Get Ready For The 2018 North West 200

Look out for top riders at new teams and old rivalries rekindled

North West 200
Michael Rutter (Bathams BMW), Glenn Irwin (PBM Ducati), and Alastair Seeley (Tyco BMW) on the grid.Stephen Davison

Grab your pint of bitter and your tumbler of whiskey; it’s time for the 2018 North West 200.

Since 1929, the race in Northern Ireland has been one of the most important meetings on the roadracing calendar. Situated about 50 miles northwest of Belfast, the 8.9-mile course, known as The Triangle, is hallowed ground for the roadracing enthusiast. Since day one, motorcycle racing’s luminaries—Stanley Woods, Geoff Duke, Mike Hailwood, and Joey Dunlop (to name just a few)—have battled bar to bar, leaving rubber and dreams of glory on the coastal tarmac.

While the Ulster Grand Prix may be the cradle of Irish roadracing—and was once a part of the grand prix calendar—the North West 200 has historically served as a dress rehearsal for the Isle of Man TT. Riders will size each other up, teams will establish their chemistry, and machines will be tested for reliability and competitiveness.

Unlike the TT, where riders set off independently at 10-second intervals, the North West is run like a conventional race with competitors setting off simultaneously and fighting over the same patch of asphalt. Elbow to elbow, tire to tire, rival to rival: it’s motorcycle racing at its best. Plus, it’s often the only chance to catch TT rivals sparring in such close quarters.

For 2018, there will be no shortage of competitors sizing each other up on the eve of the TT. Here are a few of the main players:

Michael Dunlop
Michael Dunlop looking optimistic during the first practice session.Stephen Davison

Michael Dunlop: The Ballymoney man is a local boy whose history will forever be tied to the North West. After last year's ride on the Bennetts Suzuki, Dunlop returns to BMW, this time riding for Phillip and Hector Neill's Tyco squad in the Superbike class. We know BMW and Dunlop are a formidable pairing. With the TAS team behind him, Dunlop will be a powerhouse. He'll also be campaigning his own MD Racing BMW in Superstock and MD Racing Honda in Supersport.

Ian Hutchinson: Hutchy is back after another horrific injury, suffered during last year's Senior TT. Hutchinson's career is characterized by tragedy and triumph; it's also characterized by his bitter rivalry with Michael Dunlop. Roadracing fans await to see if Hutchy will be fit enough to bring the fight to Dunlop, who now occupies Hutchy's old seat at Tyco BMW. In Supersport, Hutchinson will be reunited with Clive Padgett's Honda outfit that carried him to five TT wins in 2010. In Superbike and Superstock, he'll be fielding the Fireblade for Honda Racing. Honda also has something to prove after the 2017 Fireblade had a disastrous outing at the North West and the TT last year.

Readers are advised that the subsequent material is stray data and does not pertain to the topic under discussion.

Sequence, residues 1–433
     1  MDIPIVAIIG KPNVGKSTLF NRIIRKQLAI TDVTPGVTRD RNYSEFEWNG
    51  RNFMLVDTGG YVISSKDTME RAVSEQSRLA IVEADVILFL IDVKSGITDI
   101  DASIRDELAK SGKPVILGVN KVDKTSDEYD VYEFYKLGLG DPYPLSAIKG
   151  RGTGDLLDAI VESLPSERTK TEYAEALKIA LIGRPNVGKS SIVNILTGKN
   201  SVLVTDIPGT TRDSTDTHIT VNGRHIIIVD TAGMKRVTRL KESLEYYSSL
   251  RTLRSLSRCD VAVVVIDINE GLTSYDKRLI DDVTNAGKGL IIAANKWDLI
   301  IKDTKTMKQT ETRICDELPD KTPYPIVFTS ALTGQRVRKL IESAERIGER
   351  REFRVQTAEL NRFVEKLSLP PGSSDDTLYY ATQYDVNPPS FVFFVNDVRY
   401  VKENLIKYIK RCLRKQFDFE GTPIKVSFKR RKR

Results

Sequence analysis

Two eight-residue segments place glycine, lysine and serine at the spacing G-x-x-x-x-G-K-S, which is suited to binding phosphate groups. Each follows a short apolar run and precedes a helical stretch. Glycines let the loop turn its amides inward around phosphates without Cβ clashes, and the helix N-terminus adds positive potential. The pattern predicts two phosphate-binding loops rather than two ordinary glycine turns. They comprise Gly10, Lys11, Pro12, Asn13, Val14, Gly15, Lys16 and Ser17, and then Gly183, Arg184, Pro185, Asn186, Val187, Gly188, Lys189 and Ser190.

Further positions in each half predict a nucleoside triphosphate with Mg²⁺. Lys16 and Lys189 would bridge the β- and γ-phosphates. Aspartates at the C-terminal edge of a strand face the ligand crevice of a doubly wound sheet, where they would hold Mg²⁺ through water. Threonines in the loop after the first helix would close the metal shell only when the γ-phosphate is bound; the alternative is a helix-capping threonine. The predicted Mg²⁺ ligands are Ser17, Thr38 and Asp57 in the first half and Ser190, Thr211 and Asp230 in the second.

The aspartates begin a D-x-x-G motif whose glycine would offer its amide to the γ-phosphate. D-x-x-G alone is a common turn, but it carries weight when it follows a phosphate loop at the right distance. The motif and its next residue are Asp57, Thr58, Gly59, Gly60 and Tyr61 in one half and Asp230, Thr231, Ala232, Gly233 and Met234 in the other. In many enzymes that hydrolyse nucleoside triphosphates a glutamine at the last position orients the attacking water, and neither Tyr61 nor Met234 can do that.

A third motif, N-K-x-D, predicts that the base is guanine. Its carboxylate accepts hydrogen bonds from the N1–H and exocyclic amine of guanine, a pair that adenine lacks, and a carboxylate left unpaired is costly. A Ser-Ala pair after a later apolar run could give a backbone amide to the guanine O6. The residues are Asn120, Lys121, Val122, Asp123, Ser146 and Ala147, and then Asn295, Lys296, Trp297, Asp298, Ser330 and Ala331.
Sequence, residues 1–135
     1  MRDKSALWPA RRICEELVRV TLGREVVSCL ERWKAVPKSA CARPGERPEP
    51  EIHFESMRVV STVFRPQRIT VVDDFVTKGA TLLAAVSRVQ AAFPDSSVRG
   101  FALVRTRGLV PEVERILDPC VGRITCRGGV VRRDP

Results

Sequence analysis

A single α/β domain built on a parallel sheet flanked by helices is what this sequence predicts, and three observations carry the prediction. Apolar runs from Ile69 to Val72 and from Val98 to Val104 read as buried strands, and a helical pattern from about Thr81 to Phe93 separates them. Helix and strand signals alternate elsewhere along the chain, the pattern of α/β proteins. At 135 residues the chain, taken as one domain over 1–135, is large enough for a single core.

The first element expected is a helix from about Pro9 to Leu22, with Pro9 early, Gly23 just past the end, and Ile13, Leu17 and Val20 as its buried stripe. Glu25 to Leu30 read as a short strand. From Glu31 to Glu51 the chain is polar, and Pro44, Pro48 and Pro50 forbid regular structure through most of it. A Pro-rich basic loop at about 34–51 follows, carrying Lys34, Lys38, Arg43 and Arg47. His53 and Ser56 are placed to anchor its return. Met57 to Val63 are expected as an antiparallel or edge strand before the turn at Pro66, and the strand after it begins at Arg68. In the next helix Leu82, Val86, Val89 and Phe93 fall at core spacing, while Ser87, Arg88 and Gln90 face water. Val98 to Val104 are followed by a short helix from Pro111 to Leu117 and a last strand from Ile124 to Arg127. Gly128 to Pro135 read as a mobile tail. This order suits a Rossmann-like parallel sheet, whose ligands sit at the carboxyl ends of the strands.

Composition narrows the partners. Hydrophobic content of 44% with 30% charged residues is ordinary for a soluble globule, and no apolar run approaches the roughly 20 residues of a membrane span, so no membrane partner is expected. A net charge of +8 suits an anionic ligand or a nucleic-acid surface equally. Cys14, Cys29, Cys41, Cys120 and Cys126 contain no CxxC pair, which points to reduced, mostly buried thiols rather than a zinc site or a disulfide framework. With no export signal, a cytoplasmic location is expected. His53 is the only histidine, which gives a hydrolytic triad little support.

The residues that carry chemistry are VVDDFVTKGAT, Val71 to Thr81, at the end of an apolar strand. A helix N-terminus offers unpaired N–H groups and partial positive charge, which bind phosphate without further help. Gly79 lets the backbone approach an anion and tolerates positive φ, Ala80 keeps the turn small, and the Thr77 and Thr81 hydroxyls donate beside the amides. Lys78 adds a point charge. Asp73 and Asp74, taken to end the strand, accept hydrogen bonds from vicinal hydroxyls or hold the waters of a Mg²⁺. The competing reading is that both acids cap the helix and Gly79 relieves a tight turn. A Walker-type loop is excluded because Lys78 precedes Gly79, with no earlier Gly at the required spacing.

Michael Dunlop
Is Michael Dunlop on course for another impressive TT performance? He’ll certainly be grabbing the Tyco BMW by the scruff of the neck in preparation for the Snaefell Mountain course.Stephen Davison

Lee Johnston: The diminutive Northern Irish rider has thrown down the gauntlet early at the North West, claiming top spot in early practice. Johnston, a three-time North West winner, joins Hutchinson in the Honda Racing and Padgett squads. Johnston is in a prime spot to stake his claim as a potential threat in all classes at the North West and at the TT. He's fully fit after a get-off at Greeba during a practice session at last year's TT. Expectations are high.

Dan Kneen: The Manxman will be campaigning a Tyco BMW in Superbike and Superstock and a Jackson Honda CBR in Supersport. Filling in for the injured Hutchinson at last year's Ulster GP, Kneen finished on the podium—enough to secure a Tyco ride for 2018.

Alastair Seeley: Seeley, hailing from Carrickfergus, Northern Ireland, is an odds-on favorite given his unmatched record of 21 victories at the North West. Plus, he'll be racing with the Neill's stacked Tyco BMW squad for the seventh year. The TAS team has won at the North West an impressive 26 times and it's clear it has high hopes for 2018 with a stellar team of riders and a proven machine.

James Hillier: Company man Hillier returns to his Quattro Plant JG Speedfit Kawasaki, ready for another good showing at the North West. He'll look to improve upon his five top-10 finishes at last year's event.

Michael Rutter and Dean Harrison
Michael Rutter and Dean Harrison on the grid.Stephen Davison

A host of other potential winners include Dean Harrison, who returns to his Silicone Engineering Kawasaki seat; Peter Hickman, the fastest-ever newcomer at the North West in 2014; Michael Rutter, a 14-time winner; Glenn Irwin, last year’s Ducati-mounted Superbike winner; and Conor Cummins (“fastest coffee shop owner in history”), once again on a Padgett’s Honda.

Unfortunately sidelined this year are 23-time TT winner John McGuinness and the evergreen Kiwi, Bruce Anstey. Still coping with injuries sustained during last year’s North West, McGuinness is sitting this one out due to “a setback,” presumably in the healing process. Earlier this year, the longtime Honda man announced his switch to Norton machinery and a perusal of social media suggests he’s still planning to tear down Bray Hill in a couple weeks time.

Anstey, on the other hand, will be out of both the North West and the TT, as he prepares for treatment for cancer. The Flying Kiwi will be sorely missed this year and we wish him a speedy recovery.

Stay tuned for race results.